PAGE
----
Wednesday, October 17, 2012

The Mystery of the Chimes

A week or so ago, we experienced a lovely day here in the Shire.
It was the kind of day in October that I like the most: 
clear blue skies, an absence of mosquitoes, and warm sun.
My pekingese Wylie sat on the top step of our deck
and stared out across the lawn at nothing in particular.

I saw him through the window and decided to go out and join him.
I sat down on the step beside him and put my hand on his back,
which felt warm from the sun.
And there we sat together, 
he and I looking out over the steps into space.

The difference between us was that, more than likely,
Wylie's mind was calm but mine was full of thought.
I sat contemplating my life: things that were going well, 
things that weren't going well.
Looking back over my own errors and missteps, 
trying to figure out why I seem to repeat the same life mistakes over and over.
Suddenly, I had an epiphany.
And at that precise moment, to my astonishment,
the ceramic chimes hanging over my head chimed one clear, true, pure note.

I looked at the chime, 
still swinging ever so slightly from the reverberation of the sound.
The other chimes were not moving at all.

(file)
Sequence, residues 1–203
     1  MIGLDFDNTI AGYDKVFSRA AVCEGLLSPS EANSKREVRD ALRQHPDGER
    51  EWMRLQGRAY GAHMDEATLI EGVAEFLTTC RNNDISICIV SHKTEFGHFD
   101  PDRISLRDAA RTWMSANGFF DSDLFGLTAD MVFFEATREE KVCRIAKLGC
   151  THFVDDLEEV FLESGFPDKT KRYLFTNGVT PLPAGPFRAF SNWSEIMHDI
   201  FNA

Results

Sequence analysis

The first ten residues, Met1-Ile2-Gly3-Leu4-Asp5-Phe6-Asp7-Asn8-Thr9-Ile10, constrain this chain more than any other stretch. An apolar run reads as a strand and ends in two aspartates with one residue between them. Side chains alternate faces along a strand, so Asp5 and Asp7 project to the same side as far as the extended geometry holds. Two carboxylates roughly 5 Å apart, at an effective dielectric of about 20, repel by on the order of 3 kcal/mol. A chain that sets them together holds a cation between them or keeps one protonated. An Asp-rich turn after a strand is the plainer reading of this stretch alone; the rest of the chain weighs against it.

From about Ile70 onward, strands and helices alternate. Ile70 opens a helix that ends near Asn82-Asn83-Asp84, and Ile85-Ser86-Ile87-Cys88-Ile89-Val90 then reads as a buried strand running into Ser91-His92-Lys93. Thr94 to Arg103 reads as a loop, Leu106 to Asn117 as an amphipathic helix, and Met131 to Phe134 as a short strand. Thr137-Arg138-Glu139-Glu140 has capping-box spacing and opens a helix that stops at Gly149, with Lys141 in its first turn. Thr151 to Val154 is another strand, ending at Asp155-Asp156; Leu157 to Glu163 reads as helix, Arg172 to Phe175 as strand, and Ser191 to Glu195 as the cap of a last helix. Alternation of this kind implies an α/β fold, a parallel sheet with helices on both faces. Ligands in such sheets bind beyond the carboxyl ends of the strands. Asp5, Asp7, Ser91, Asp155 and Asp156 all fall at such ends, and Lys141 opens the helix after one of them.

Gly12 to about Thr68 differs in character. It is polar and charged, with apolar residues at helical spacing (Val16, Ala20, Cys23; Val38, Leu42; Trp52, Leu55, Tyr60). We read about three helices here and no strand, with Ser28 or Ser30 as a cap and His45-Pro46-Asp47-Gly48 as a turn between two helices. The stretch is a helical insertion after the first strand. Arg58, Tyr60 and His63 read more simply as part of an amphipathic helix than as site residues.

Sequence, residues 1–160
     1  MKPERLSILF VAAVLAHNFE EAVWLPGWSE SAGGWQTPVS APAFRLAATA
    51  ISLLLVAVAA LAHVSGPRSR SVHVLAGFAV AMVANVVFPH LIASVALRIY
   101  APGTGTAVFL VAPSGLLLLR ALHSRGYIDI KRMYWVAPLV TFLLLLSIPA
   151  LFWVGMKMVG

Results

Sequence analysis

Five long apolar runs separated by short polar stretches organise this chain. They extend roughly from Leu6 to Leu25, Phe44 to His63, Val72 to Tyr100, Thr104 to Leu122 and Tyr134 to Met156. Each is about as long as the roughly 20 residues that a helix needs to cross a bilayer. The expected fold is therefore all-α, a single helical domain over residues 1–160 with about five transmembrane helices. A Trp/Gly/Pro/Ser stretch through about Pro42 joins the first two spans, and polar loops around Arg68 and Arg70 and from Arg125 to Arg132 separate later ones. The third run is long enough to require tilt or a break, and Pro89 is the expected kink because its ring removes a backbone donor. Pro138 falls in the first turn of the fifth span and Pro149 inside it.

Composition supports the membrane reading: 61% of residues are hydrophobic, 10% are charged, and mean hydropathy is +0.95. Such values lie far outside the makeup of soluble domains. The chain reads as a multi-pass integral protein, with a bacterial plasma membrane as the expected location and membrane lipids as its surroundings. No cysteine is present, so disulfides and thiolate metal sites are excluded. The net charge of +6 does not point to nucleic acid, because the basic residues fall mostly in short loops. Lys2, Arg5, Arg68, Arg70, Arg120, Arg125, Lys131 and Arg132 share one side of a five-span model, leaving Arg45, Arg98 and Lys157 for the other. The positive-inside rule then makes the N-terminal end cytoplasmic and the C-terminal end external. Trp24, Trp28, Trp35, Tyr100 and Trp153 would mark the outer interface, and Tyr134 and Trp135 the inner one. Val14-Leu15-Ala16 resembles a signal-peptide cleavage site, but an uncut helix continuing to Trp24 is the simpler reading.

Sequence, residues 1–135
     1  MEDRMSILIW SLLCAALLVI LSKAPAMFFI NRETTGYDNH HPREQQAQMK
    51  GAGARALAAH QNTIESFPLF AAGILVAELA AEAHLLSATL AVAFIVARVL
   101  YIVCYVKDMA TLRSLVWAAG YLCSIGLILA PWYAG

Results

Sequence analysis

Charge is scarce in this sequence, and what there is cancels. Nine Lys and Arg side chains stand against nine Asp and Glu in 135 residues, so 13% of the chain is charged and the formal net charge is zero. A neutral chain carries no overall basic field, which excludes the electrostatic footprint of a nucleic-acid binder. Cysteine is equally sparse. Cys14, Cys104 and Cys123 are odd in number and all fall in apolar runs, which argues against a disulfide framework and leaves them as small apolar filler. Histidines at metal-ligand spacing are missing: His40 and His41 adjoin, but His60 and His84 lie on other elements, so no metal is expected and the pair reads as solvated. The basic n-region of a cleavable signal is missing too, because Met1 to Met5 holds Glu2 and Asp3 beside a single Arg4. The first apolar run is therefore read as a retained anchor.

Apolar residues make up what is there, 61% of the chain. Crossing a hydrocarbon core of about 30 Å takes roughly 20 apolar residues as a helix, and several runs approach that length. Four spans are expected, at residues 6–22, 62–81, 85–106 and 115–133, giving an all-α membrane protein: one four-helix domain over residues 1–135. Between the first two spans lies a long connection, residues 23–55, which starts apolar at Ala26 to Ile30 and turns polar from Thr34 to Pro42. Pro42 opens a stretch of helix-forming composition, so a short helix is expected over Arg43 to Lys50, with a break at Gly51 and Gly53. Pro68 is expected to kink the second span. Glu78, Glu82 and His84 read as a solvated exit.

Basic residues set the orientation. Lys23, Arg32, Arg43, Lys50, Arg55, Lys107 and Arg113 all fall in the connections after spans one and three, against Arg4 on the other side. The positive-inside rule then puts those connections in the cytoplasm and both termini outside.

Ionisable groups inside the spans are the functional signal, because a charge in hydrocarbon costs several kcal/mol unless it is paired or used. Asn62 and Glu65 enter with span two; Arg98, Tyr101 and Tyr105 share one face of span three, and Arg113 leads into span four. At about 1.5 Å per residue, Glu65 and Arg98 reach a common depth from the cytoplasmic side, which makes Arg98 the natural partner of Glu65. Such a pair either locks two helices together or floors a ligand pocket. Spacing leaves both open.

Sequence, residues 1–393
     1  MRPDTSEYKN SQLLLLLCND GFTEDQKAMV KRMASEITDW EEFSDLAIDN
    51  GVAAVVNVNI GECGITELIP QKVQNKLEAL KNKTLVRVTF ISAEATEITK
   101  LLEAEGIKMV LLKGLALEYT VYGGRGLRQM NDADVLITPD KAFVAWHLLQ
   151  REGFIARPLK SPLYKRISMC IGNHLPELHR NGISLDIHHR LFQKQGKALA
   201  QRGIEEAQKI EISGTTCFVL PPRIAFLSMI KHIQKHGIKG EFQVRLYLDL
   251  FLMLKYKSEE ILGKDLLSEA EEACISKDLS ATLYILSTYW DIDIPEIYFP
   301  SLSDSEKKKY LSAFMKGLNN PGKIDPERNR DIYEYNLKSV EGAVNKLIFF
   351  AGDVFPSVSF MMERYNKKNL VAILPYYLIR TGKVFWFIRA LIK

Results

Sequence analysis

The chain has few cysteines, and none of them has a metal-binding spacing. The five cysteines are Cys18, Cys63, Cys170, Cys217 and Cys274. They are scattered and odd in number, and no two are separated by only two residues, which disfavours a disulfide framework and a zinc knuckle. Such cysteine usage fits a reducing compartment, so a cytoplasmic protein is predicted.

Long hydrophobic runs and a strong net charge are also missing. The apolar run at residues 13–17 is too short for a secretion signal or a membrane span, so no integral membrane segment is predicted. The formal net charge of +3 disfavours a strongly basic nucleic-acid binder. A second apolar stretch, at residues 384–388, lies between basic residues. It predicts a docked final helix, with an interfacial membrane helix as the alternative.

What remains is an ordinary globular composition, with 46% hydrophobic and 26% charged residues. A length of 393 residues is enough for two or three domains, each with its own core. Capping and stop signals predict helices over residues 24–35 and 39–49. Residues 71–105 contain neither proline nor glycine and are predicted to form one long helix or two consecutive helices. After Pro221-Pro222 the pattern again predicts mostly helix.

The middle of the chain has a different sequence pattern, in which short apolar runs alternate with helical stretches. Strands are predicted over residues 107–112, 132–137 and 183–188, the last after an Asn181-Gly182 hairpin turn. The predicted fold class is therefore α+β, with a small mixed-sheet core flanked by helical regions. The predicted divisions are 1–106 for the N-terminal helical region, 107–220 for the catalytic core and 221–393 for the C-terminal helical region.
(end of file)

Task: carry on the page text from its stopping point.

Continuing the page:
I looked at the trees. Not a hint of breeze in the air.
Everything was dead still.

I got up and looked at the roof, 
certain a squirrel must have bumped the chimes as it ascended. 
No squirrel.
A tree frog then. Perhaps a tree frog had landed on it, causing it to stir. 
No tree frogs anywhere near. None at all.
What a mystery, I thought.

I rather liked the idea that somewhere from the ether,
an angel had rung the chime for my benefit,
kind of a heavenly affirmation that I had figured some things out.

Then, last night I was watering some of the surviving flowers on my deck.
I came and went through the door several times 
until suddenly a small wren lit on the back of the glider near the door.
It was chirping and singing at the top of its tiny lungs.
I waited for him to leave, but when he didn't I came through the door anyway,
causing him to take flight.

And where did he go?
Right here:

The wren rested on a small bar inside the largest ceramic chime,
tucking himself into it so well 
that only the tip of his tail was visible.

Well, imagine that, I thought to myself. 
Did he build a nest in there? 
Is he roosting in there?
As I contemplated the wren,
he flew out of the chime,
causing it to ring one clear, true, pure note.

The ceramic chimes swayed gently,
the others were undisturbed.
My mystery solved.

Even though I know now that the wren had rung the chime 
at the moment of my epiphany,
I still like to think that maybe, 
he was heaven sent.

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